Don’t forget to add dry shampoo to your survival kit.

Sunday, I wanted to get more groceries for the coming weather, but the roads were too icy to get out of the apartment complex without sliding down the steep incline and careening into the traffic below. Sunday night I lost power.

Tuesday afternoon, my apartment was so cold my fingers were sticking to my phone as I tried finding a ride to safety.

Wednesday, I got power back but lost water. When my neighbor told me to start collecting snow for water, I thought “I’m not doing that.” Thursday, I was gladly scooping up snow with oven mitts.

How being furious at my ex made room for me to love myself

source: Pixabay on Pexels (CCO)

For years, I was married to a man I thought was an enlightened master. I was amazed by how gentle and even-keeled he was. Nothing could make him lose his cool. I nearly worshiped him and hated myself for being petty and angry in comparison.

It wasn’t until after he left that I was able to make sense of what I’d tolerated for nearly a decade. He wasn’t Jesus. He was the king of spiritual bypassing. He wasn’t transcending our problems. He was refusing to face them. I wasn’t spiritually inferior. My emotions were being invalidated, over and over.


You’re going to need a pint of Ben and Jerry’s and a box of rosè.

Maybe you moved to a new city during a pandemic (like me!) or you had your social life turned upside down by a devastating divorce (also like me!). No matter the reason, if you’re feeling lonely and you want to be more connected here are four simple things you can do to have more high-quality friendships.

1. Focus on quality time.

Jeffrey Hall, a professor of Communications Studies at the University of Kansas, found that it takes about 50 hours of interaction for someone to move from acquaintance to a casual friend, about 90 hours to move from a casual friend to a friend, and…

These are the things my bio would have said.

My husband and I didn’t meet on Grindr, but it had just come into existence right before we met. Tinder wasn’t a thing yet and Hinge was a word I mostly associated with WD-40.

Nine years later, I was single for the first time since I was 23 and the world of dating had drastically changed. In the immediate aftermath of my divorce, I wasn’t fine, but for my ego’s sake I needed to project an image of an unbroken man who’s life was just beginning.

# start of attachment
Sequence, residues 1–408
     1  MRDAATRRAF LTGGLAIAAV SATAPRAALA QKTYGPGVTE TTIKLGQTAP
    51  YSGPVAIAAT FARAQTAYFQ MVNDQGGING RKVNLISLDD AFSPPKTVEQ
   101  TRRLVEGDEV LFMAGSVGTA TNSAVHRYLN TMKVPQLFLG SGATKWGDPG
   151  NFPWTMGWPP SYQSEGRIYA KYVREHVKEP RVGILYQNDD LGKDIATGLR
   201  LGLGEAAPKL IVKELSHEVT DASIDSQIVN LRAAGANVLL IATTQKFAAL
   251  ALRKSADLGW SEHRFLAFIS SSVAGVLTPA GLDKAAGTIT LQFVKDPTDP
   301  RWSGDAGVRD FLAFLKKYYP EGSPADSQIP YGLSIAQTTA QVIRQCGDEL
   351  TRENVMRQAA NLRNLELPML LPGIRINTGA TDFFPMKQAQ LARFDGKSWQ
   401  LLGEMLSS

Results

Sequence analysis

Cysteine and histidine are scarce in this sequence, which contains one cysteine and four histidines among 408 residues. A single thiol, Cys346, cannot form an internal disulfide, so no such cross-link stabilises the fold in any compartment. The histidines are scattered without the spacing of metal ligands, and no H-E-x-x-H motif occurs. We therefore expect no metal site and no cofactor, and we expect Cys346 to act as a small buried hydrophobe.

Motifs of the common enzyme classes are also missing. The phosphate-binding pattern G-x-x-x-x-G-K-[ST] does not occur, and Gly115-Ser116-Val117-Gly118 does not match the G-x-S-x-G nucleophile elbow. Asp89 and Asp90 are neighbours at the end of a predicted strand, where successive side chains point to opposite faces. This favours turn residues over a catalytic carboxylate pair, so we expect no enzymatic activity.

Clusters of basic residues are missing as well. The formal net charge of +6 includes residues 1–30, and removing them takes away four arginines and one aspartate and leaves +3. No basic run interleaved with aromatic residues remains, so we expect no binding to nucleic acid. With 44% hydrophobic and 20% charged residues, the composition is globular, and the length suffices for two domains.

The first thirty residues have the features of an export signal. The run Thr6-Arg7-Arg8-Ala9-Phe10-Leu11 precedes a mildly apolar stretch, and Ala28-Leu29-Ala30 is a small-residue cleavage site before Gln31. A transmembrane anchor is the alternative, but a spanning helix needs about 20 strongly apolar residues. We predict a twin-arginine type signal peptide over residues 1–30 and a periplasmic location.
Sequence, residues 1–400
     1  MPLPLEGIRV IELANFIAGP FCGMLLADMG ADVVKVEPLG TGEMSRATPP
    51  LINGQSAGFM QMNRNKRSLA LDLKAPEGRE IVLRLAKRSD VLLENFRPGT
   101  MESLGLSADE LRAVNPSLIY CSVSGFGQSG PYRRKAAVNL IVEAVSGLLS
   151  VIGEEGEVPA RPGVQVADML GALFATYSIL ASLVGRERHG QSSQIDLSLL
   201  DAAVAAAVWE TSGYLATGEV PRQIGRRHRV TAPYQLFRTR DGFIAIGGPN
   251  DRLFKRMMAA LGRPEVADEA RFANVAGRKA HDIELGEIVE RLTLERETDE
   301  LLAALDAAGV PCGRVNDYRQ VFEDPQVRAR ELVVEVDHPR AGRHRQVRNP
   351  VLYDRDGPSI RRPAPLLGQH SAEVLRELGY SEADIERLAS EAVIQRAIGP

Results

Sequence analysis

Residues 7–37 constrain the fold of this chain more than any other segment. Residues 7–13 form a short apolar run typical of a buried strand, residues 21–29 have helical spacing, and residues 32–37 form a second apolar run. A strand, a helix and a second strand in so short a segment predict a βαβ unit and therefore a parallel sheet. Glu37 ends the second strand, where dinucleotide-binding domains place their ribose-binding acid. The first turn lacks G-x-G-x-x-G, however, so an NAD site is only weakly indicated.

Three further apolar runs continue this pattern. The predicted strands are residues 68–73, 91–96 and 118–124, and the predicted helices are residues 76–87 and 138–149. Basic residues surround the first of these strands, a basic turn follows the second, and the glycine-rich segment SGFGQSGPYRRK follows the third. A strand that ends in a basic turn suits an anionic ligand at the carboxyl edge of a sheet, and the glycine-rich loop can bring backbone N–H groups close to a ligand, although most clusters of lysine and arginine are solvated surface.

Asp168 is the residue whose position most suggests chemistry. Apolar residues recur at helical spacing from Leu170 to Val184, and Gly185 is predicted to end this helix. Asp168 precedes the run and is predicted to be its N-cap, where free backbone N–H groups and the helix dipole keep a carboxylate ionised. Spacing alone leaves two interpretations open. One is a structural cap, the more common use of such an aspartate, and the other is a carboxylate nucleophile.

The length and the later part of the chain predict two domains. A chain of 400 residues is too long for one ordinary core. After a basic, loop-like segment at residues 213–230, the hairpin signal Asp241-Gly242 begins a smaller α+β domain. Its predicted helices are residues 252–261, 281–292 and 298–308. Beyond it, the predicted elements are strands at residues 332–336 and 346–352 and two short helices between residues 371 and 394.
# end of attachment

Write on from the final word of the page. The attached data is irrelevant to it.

That’s exactly what I was, but I wouldn’t know it for a few more…

A lifetime of yo-yo dieting taught me what self-love is and what it isn’t.

I love gym selfies. I do. I love those inspirational posts about remarkable body transformations or weight loss, complete with hashtags #selflove and #learningtolovemyself.

I love it when people work hard to accomplish a goal and feel worthy, sexy, and confident. I love that…but that’s not what self-love is. If you want to learn self-love you must uncouple your concept of it from the shape of your body.

You won’t learn to love yourself by killing yourself at the gym. If shame is a motivating factor for you to get in shape, I promise the weight and the shame will…

You must let go of these five things.

Shortly after a breakup most of us are quick to say we’ll never take our ex back. We want to project outwardly that we are “over it.” We’re not falling apart…we’re thriving.

Maybe we know consciously that we have to move on, but love doesn’t die that easily, and codependence and trauma bonds are a bitch. In most of us, a sliver of hope remains that some miracle will occur and suddenly all that’s wrong will be made right again.

I’m here to lovingly crush your fantasies, my friend, because that dream is keeping you stuck in a nightmare, and…

and how to end it.

There’s a thin line between a codependent and a narcissist. Both need to feed on other people for affirmation, admiration, validation, and praise. Both have an emptiness inside that must be filled through the eyes of other people.

The difference is awareness. The codependent can self-reflect, admit they need to change, and truly have a desire to change. The narcissist can not. …

If you don’t work on these five things, you’re doomed to keep repeating your past mistakes.

You’re starting to feel cursed, huh? You keep getting your heart broken again and again. Each time it feels different. Each time you think you finally got it right. He’s so charming. He’s so different from all the others…then a few months down the road you find yourself head-over-heels in love with a guy who treats you like garbage and still you can’t seem to let go of him.

“Why does this keep happening to me?” — You, after the next jerk breaks your heart

Before I go into the five reasons this might be happening to you, I want…

The first time I attempted to make love after my husband left me, I had a panic attack.

I’d met a really attractive guy on Tinder. Too young to date, but maybe just right to bang some self-esteem back into me.

I’ll never know if it was cruel timing or divine intervention that I found myself single for the first time in ten years with an injury to my backside (use your imagination) that would cause me to be completely unable to have sex for 8 months.

At a time when it would have been splendid to run around seeking…

I’ll never forget the day I had to pack that bag. My husband needed to “figure things out” with his lover and I wasn’t about to stick around while he figured them out in our apartment.

“Tell me not to post this,” I said, as I showed him what I had written explaining to all our friends and family that I was no longer a married man. A public announcement means it’s real. No turning back. It took only seconds before I was bombarded from every medium with calls and concerns. No one could believe it, least of all me.

Lucas Bane

I help people heal from divorce and traumatic breakups. check out

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